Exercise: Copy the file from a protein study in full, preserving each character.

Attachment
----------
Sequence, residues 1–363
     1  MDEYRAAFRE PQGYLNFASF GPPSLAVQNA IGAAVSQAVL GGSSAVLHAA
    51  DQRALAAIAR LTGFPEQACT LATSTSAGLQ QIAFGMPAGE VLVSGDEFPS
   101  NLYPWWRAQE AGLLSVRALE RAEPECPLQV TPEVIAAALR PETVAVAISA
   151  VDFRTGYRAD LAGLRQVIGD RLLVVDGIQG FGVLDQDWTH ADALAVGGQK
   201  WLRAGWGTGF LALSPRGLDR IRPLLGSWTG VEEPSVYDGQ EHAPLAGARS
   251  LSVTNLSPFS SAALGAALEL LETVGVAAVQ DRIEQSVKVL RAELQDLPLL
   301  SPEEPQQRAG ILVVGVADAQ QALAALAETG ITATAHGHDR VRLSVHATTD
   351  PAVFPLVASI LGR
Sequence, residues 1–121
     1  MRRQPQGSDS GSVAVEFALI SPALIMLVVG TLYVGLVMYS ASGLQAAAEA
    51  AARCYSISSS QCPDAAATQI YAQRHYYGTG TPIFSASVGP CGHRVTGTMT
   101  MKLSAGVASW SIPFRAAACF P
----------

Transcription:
Sequence, residues 1–363
     1  MDEYRAAFRE PQGYLNFASF GPPSLAVQNA IGAAVSQAVL GGSSAVLHAA
    51  DQRALAAIAR LTGFPEQACT LATSTSAGLQ QIAFGMPAGE VLVSGDEFPS
   101  NLYPWWRAQE AGLLSVRALE RAEPECPLQV TPEVIAAALR PETVAVAISA
   151  VDFRTGYRAD LAGLRQVIGD RLLVVDGIQG FGVLDQDWTH ADALAVGGQK
   201  WLRAGWGTGF LALSPRGLDR IRPLLGSWTG VEEPSVYDGQ EHAPLAGARS
   251  LSVTNLSPFS SAALGAALEL LETVGVAAVQ DRIEQSVKVL RAELQDLPLL
   301  SPEEPQQRAG ILVVGVADAQ QALAALAETG ITATAHGHDR VRLSVHATTD
   351  PAVFPLVASI LGR
Sequence, residues 1–121
     1  MRRQPQGSDS GSVAVEFALI SPALIMLVVG TLYVGLVMYS ASGLQAAAEA
    51  AARCYSISSS QCPDAAATQI YAQRHYYGTG TPIFSASVGP CGHRVTGTMT
   101  MKLSAGVASW SIPFRAAACF P